100 years of know-how, more, because the adventure began in 1920, have brought the TOD’s brand from Filippo Della Valle’s basement workshop to the emblematic fashion entity that radiates internationally. A passion for craftsmanship passed on from father to son, perfectly aligned with foresight in a fair approach. Values that go beyond the product. Quality, innovation, local development, but also care for the environment and cultural heritage, this brand has always been able to combine international ambition and ethics. Diego Della Valle, grandson of Filippo, the shoemaker, has brought the company into the contemporary era since the 1980s, relying on the quality manufacture and the portray of the Italian luxury and lifestyle universe. He created the TOD’s group, to which he added Hogan, Fay and Roger Vivier. Iconic products that became fashion staples, the list of which would be too long to be named.
When one contemplates Italy, its landscapes seamlessly intertwine with its flavours and style, creating an undeniable allure. Fashion, cinema, architecture, and design, the country exudes excellence, encapsulating the essence of a nation deeply rooted in millennia of history.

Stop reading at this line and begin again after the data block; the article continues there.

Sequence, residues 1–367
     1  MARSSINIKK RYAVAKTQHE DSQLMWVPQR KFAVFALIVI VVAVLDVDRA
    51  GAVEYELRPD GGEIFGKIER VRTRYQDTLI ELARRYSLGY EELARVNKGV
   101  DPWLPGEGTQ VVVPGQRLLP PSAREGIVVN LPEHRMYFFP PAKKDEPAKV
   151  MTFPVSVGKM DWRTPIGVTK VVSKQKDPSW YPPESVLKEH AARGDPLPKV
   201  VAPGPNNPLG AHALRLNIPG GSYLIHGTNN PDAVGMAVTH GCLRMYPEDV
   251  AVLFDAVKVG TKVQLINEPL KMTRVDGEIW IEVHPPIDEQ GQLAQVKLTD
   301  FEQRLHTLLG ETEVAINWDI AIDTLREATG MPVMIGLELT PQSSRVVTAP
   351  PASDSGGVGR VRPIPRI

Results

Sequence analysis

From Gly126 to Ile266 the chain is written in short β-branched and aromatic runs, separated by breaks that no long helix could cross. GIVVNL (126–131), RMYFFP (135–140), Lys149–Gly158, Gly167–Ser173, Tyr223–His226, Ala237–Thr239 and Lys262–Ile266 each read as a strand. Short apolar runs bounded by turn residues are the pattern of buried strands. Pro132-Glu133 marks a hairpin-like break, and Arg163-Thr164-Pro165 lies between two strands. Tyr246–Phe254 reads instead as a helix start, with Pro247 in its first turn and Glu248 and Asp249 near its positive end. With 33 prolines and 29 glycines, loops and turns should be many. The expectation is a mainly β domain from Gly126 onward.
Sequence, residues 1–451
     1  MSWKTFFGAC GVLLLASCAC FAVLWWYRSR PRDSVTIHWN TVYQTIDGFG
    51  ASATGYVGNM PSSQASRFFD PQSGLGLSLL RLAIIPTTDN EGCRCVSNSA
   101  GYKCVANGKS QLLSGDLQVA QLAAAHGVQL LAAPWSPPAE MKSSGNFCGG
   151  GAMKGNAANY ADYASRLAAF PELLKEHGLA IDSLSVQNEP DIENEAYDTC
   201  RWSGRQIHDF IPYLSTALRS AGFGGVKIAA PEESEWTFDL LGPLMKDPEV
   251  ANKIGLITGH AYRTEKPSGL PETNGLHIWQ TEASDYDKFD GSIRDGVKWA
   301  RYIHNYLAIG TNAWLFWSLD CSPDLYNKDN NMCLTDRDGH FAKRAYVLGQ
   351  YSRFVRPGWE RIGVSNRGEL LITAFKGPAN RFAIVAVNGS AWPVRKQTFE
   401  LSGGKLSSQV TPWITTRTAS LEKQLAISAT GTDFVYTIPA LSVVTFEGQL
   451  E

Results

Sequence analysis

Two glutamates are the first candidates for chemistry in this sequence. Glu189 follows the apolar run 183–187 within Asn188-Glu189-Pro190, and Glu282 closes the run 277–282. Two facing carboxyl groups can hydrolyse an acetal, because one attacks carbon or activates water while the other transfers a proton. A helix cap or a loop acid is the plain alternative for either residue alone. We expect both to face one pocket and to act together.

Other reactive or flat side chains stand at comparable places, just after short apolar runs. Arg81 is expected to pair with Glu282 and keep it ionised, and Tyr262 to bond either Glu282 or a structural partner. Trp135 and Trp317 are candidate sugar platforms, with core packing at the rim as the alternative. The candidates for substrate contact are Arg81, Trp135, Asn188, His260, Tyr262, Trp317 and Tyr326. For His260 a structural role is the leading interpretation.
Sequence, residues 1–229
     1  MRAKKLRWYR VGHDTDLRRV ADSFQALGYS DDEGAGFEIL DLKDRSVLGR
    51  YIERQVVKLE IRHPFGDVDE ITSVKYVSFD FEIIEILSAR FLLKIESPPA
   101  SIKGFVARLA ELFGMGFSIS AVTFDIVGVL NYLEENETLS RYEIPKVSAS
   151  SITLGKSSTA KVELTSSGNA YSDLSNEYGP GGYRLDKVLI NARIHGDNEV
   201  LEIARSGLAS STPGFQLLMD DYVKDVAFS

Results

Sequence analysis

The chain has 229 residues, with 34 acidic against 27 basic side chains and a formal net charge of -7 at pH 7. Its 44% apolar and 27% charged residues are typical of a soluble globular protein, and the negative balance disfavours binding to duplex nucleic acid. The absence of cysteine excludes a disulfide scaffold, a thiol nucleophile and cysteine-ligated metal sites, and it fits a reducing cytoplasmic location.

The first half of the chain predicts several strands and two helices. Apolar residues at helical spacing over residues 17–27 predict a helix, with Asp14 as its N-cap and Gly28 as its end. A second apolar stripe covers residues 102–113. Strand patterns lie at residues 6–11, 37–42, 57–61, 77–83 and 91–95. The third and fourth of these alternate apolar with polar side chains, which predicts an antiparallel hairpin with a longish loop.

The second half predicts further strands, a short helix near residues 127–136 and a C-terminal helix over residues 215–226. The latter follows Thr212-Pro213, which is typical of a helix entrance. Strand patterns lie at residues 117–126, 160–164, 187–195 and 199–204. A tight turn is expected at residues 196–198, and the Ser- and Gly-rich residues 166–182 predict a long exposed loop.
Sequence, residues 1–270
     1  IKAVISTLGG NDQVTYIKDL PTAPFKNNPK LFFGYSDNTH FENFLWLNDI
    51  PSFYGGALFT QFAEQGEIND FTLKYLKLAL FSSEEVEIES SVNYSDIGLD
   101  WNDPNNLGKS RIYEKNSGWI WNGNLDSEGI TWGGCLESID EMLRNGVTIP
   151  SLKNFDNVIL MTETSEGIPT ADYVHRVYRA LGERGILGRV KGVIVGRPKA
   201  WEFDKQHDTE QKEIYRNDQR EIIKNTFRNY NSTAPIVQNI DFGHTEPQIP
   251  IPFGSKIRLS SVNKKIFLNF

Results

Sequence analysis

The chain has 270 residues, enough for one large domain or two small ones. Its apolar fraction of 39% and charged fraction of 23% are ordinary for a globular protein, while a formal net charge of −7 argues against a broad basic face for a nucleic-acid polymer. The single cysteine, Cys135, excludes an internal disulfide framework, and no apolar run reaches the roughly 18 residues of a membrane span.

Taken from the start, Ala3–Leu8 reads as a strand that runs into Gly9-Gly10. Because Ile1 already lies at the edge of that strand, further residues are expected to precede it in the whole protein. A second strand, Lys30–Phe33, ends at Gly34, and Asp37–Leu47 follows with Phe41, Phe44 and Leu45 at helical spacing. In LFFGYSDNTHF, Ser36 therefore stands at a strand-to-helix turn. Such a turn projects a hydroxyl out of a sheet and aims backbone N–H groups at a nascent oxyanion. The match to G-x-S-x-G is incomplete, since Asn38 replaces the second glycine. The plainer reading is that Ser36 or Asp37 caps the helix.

In this exquisite realm, Walter Chiapponi, the Creative Director of Tod’s, breathes new life into the icons of Italian beauty, ingeniously transforming them into contemporary and versatile objects for everyday use. Each creation bears the distinctive mark of refined craftsmanship and a unique sense of quality. Blending functionality, aesthetics, and the use of natural materials, Chiapponi’s designs pay homage to the Italian heritage while infusing a touch of sportiness and, naturally, elegance. Thus, his style becomes a harmonious blend where personal growth aligns effortlessly with comfort and sophistication.
The most iconic pieces in traditional sportswear, the trench coat and the bomber jacket, change in volume and display surprising material combinations, such as quilted nubuck, padded leather, and shearling-effect jersey with rubber weave detailing which evokes the iconic Gommino.
Masculinity and femininity converge in a unisex wardrobe but only conceptually, attentive to the lines of the body and the dialogue between genders.
Crochet workmanship and the interchange of knitwear and leather provide a modern take on traditional craftsmanship.
by Alexandra MAS
un-retouched photography Marco Tassini